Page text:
Really quite galling for people who have spent several years studying Higher Education and Professional or post-grad vocational qualifications to discover they would have been better off dropping out of school with no qualifications. Nor would I like to run this one past the squaddies in Iraq and Afghanistan who earn considerably less (they appear to be earning what an Army Captain earns)

    Truckers who are employed, (as opposed to self-employed), as these striking drivers are, are no more affected by oil prices than anybody else who is employed for a salary and whose employer meets the costs of doing the work.

  4. Kenneth Woods

    Hi Gert- Welcome and thanks for writing, I’ve always enjoyed your blog. On a non-musical note, you reminded me that soldiers in the US armed forces generally earn far less than the mysterious “contractors” who are supposedly there as a cost-saving/outsourcing measure…

    To CB- I slightly choked on my corn flakes at the mention of truckers choking on gas prices. I can’t think of anyone more hard hit than freelance musicians by gas prices, and on top of this, we’re expected to pay for an maintain hugely expensive instruments…

    I highly, highly recommend Jason Heath’s series Road Warrior Without an Expense Account which begins here
    http://doublebassblog.org/2006/12/road-warrior-without-expense-account.html
    On the other hand, CB is quite right that thousands of excellent musicians are forced in to low earning freelance work despite playing as well or better as their colleagues in the majors simply because of lack of opportunity. When you look at the subsidies our government provides to sport, you can’t help but see that the arts are woefully undersupported, especially considering they do more to drive the economy than sports.

  5. ComposerBastard

    Sorry ladies and gents, I’m all for the lorry drivers side. Its grueling, and dangerous work to be on the road all the time with a giant gin bottle full of flammable liquid strapped to your back instead of a violin. And though these drivers are ’employed”, I believe its probably an issue of large demand pushing them to take more unnecessary risks. Moreover, transportation of goods has always paid pretty good historically. Think of the “merchies”…oh hell think of being a camel driver to China in 1300..

    I might value an education, but I certainly don’t think it should be a guarantee on how much money you make. In fact, I think some “uneducated” professions should get more – such as the friendly garbage men that take away my stale cabbages on Thursday. Its surprising they don’t pass out or get cancer. Or if you really want to complain, you dont have to bother with the fair trucker who lives in the woods near you. Look for those that are NOT on strike or complaining – such as that CEO at your major corporation on the corner. Thats where the real problem is, and they are just as diplomaless and more – ignorant selfish baboons.

    Ok, you all…quit slacking (or making me slack). Get back to work. You there, Wales dude…start waving that white stick thing a bit…maybe more loopy this time around…work on that forehand…the percussion wont see you – they are all ex-Lorry drivers btw. As for Gert…haven’t figured out your instrument from your blog, but you might try singing something for us? As for me, this bloody violin thing needs stitching, and I have a turkey that needs attending in the garden.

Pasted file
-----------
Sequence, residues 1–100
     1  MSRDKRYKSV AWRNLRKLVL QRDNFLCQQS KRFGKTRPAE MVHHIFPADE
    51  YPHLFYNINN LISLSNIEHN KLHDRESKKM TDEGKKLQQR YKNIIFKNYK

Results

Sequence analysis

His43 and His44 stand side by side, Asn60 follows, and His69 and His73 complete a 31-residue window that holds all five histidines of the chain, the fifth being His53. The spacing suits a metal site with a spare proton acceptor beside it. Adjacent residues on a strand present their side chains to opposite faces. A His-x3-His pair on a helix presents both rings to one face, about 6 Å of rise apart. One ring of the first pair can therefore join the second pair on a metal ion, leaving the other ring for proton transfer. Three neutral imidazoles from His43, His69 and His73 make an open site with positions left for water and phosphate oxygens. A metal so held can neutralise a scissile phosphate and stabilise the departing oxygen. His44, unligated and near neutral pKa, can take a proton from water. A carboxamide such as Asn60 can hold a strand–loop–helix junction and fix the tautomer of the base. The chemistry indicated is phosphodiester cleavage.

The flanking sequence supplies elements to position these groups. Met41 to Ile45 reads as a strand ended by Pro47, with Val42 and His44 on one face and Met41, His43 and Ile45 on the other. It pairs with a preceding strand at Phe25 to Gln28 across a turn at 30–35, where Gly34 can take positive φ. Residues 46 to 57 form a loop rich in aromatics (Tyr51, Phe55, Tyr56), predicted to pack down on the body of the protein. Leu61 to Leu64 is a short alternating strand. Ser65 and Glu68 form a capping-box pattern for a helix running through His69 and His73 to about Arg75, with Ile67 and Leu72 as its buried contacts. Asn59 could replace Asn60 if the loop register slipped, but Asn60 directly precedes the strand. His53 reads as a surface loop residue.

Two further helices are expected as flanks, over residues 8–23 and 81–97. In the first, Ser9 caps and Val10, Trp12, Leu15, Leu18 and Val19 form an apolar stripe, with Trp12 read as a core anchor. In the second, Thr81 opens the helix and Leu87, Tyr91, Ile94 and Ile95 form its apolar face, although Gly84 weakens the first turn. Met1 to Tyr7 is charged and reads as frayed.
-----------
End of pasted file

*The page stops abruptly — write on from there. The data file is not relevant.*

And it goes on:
6. John Wilson

    [CB: “…work on that forehand…the percussion wont see you – they are all ex-Lorry drivers btw…”]

    AM NOT!!! Never drove a lorry before! Or a truck, either! Well….not for pay, anyway. And not far, either….only a moving van for my own household goods. And a few times for friends/family …. does a good BBQ meal & beer count as pay?? All of my ex band mates were not drivers either….well except for Joe, and Craig……hmmm, also Billie…and Julie (the roughest of all!) And they never could see the conductor ’cause they never remembered to look up… OK – Never Mind!

    US drivers at a good company can get paid reasonable well….if 200 days away from home is of no consequence…one can earn (assuming averages from Taylor Truck Lines info: 3000miles/wk, $0.43/mi ave depending on experience) over $67,000. More if you own your own truck ($.88/mi X 3000mi = $137,280).

    Maybe that is why I play music whenever I can in organizations/groups that I enjoy….and climb mountains fixing police radio sites and microwave communications systems all week to pay the bills. At least my day job beats work!!!!

  7. ComposerBastard

    “More if you own your own truck ($.88/mi X 3000mi = $137,280).”

    Except that darn truck cost over $250,000 dollars + maintenance. Although I considered putting a piano in one and traveling around the country

  8. Kenneth Woods

    Hi John-

    Thanks for the note. 200 days a year on the road- not unusual for many freelancers. Certainly many of my colleagues in Columbus did that between trips there, Dayton, Louisville, Toledo, Indy, Canton, Western Ohio….

    CB- I’m afraid you’re argument sounds a little looney to my ears. I can’t tell you how many people I know with $100,000 violins making 10k a year. Violins don’t maintain themselves either. Then there’s the bow. And insurance. And you’re still driving your car into the ground- I’ve done as much as 30k miles in one year. And I was working on a freaking double doctorate at the time, not that I’m bitter. I just think that if all the Columbus musicians went and blockaded a refinery or two, they’d be making a good salary in no time. Maybe the UK regional players should steal a page from the lorry drivers playbook. RIght now, they can’t get petrol to get to work, how cool would it be if the musicians stopped the lorry drivers from getting to work….

    K

  9. Kenneth Woods

    I wouldn’t say I’m not bitter- that’s a stretch for most non-Sideshow Bob conductors, but sadly, my union membership wouldn’t help me as a stick waiver…. Conductors get dressing rooms, but we have absolutely no CBA-based rights.

  10. Reid

    I think HNL principals make a little more now, but could be wrong. Still, making 30k in the islands is pretty low, especially since there aren’t as many side or regional gigs. Most of the musicians in Hawaii teach at schools for a living and play on the side. Or not. I haven’t lived there for a while.

    RKK

  11. Pingback: Orchestral Salaries In The UK | Dreaming Realist